• surgery – depending on the location of your cat’s tumour, your vet may be able to remove it with surgery

Will I need to put my cat to sleep if they have cancer?

Saying goodbye to your cat is a very difficult decision to have to make. Not all cancer will mean needing to say goodbye to your cat. Some cats will have a cure or long-lasting treatment, allowing them to express all their natural behaviours free from pain or suffering.

Other cancers may not respond to therapy, or be very aggressive to the point that at diagnosis a cat is already suffering, with little option to ease this. Some cancer treatment can be costly or invasive, and won’t be right for every cat or carer. Quality of life is an important consideration in all decisions in cats with cancer, and sometimes the kindest decision will be euthanasia.

Putting your cat to sleep is a very hard decision. If you are upset and need someone to talk to, our free Paws to Listen grief support service can provide you with a sympathetic ear at this difficult time. Find out more about our Paws to Listen service.

You can find out more about when to say goodbye on our advice page.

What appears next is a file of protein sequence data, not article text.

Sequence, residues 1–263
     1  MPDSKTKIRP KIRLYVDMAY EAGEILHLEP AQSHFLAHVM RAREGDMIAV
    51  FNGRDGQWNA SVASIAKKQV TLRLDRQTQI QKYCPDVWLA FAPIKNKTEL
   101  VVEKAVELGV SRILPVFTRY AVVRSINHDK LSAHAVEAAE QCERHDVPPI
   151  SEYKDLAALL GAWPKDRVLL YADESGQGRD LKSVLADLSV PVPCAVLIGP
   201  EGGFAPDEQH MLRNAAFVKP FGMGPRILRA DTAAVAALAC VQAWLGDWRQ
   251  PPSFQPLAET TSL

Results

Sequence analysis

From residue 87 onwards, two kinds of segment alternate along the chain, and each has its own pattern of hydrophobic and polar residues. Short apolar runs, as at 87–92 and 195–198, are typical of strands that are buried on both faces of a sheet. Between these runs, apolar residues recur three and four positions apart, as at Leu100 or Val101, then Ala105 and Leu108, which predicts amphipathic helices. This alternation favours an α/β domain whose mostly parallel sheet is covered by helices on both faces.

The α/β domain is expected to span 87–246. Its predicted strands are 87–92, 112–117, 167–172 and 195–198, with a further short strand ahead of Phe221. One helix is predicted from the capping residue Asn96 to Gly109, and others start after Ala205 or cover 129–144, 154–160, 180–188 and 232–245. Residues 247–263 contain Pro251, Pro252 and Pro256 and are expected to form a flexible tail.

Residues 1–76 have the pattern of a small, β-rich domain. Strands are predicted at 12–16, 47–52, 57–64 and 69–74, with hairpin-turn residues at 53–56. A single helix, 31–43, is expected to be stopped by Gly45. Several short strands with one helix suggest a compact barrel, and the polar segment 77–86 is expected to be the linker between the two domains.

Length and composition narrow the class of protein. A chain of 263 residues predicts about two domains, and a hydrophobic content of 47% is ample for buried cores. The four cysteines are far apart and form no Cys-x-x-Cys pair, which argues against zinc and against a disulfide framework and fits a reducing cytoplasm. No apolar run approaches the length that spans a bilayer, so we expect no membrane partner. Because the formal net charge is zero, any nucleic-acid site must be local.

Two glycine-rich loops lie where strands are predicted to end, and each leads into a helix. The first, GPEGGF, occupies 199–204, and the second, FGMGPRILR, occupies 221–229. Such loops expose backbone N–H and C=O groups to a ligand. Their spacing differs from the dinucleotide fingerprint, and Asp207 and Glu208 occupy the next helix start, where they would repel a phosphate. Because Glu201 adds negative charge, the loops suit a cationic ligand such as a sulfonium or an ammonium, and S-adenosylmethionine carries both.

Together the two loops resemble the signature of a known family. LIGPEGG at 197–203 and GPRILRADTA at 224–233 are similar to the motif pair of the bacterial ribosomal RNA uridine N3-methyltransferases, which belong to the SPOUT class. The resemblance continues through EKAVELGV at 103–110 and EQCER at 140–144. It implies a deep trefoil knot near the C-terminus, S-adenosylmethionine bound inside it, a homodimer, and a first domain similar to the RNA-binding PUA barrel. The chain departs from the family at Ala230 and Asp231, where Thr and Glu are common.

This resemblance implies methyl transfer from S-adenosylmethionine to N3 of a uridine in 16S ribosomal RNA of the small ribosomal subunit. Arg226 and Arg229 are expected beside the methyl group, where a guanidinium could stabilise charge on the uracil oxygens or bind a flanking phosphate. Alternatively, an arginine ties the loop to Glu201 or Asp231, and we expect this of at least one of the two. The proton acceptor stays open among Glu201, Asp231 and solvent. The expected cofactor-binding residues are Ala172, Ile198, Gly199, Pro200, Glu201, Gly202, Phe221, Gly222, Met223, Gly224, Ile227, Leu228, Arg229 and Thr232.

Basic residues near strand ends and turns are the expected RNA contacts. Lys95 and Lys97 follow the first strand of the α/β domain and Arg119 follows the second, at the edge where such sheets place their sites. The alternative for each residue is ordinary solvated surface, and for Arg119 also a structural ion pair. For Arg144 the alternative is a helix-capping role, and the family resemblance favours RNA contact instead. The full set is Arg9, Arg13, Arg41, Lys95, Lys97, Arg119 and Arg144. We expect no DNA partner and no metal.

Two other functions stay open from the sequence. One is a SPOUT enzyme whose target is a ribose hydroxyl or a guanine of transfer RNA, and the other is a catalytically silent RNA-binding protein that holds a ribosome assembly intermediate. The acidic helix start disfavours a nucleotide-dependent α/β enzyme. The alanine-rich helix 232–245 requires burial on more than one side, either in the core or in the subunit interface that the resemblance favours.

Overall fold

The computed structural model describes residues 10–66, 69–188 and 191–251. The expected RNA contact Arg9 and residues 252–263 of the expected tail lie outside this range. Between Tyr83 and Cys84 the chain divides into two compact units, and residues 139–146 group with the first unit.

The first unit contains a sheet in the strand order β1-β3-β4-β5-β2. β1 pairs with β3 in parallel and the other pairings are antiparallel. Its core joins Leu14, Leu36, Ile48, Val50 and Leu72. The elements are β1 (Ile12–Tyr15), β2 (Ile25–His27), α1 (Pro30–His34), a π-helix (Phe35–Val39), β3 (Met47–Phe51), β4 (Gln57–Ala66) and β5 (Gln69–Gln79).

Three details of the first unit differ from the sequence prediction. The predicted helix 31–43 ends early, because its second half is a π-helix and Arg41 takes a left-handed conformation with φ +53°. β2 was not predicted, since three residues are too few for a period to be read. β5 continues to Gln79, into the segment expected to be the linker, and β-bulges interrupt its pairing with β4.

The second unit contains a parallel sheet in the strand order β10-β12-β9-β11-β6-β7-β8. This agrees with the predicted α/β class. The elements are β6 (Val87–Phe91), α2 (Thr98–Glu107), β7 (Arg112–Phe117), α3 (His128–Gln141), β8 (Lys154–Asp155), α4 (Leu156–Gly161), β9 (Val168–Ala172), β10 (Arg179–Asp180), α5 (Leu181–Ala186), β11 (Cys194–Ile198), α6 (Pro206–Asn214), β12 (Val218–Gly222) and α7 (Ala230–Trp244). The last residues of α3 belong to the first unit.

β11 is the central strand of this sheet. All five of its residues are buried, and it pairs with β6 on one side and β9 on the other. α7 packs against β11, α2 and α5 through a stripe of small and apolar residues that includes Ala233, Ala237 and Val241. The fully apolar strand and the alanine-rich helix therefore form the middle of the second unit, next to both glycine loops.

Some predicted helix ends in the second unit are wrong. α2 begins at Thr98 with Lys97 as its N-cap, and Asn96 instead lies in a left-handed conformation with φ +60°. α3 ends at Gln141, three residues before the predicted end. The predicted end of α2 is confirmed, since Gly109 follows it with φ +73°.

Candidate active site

How can I stop my cat getting cancer?

Sadly, most cancers are not preventable and the best thing you can do is keep an eye on their health, take them for regular check-ups and contact your vet if you notice anything wrong with them.

The chance of some cancers developing can be reduced by protecting your cat against feline leukaemia virus by vaccination, neutering female cats from four months of age, and using sun protection, especially if your cat has a white nose or ears.


How long do cats with cancer live?

This will depend on the type of cancer they have, how far it has progressed and the type of treatment used. Your vet will be able to give you advice on your cat’s individual condition, so speak to them if you have any worries or concerns about your cat’s prognosis.